The language of the Internet

There is no denying that English is the primary language of the worldwide web. Over 60% of the sites are in English, with varying amounts of information available in other languages.

What that basically means is that there is a competitive advantage available for anyone wishing to take it.

If you are competing with 60 sites in English, there are likely to only be 2 in German, 1 in Italian, and none at all in Swedish. With a population of over 83 million people in Germany alone, that is a potentially huge market waiting to be tapped by anyone with the courage to go for it.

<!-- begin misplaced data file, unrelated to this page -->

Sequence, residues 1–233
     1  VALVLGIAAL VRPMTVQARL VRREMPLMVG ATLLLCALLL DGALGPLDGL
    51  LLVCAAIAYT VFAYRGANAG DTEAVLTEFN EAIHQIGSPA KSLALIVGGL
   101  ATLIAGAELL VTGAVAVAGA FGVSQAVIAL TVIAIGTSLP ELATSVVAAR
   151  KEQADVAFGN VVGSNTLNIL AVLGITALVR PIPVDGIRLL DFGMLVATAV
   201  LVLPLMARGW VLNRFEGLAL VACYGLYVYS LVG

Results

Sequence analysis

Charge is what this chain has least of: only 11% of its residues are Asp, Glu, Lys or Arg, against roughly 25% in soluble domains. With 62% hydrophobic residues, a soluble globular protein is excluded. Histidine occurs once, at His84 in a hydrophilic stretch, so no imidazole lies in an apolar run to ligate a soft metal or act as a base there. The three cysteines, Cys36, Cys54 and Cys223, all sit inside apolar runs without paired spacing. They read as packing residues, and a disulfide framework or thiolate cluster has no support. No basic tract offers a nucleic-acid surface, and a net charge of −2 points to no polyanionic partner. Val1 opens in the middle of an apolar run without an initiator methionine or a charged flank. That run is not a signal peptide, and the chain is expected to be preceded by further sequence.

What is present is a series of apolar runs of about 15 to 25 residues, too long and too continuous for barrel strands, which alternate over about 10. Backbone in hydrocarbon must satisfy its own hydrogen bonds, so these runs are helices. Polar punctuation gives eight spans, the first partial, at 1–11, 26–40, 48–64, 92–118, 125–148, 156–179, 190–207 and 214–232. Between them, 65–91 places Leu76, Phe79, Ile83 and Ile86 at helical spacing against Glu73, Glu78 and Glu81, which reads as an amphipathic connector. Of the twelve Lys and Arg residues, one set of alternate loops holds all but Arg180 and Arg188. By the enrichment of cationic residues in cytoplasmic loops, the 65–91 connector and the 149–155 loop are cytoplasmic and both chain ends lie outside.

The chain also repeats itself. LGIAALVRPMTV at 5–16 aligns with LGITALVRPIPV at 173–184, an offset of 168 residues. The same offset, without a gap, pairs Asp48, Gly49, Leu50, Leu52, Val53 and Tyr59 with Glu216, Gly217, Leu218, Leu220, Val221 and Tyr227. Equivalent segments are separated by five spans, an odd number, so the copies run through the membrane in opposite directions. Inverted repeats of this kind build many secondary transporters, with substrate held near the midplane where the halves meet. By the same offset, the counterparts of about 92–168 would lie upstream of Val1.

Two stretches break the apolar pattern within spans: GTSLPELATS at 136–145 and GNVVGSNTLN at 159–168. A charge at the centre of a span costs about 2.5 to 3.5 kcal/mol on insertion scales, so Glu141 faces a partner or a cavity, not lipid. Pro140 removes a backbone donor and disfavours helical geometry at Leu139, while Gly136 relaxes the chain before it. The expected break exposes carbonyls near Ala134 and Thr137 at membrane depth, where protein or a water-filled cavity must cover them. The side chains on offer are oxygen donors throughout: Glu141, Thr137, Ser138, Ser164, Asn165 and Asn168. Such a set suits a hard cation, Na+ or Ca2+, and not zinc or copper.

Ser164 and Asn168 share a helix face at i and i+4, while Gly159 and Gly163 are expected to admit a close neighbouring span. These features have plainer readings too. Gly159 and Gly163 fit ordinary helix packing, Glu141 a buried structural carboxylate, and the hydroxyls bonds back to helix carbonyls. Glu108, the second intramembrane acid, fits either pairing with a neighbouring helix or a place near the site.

Benefits of translation for marketing

You don’t have to dive straight in, though. You don’t have to commit to translating your entire digital presence. It is clear that video is currently the most effective medium for online marketing, and captions are essential for any video that is likely to be viewed on social media (over 90% of Facebook videos are watched with no sound), so why not look to have multi-lingual subtitles on your marketing videos?

At STAR we’ve been helping people make the most of the global opportunities that come from being able to communicate in multiple languages for many years now.

Why not get in touch? We can have a chat about how the benefits of translation can help you start to reach the potential you didn’t even know your business had.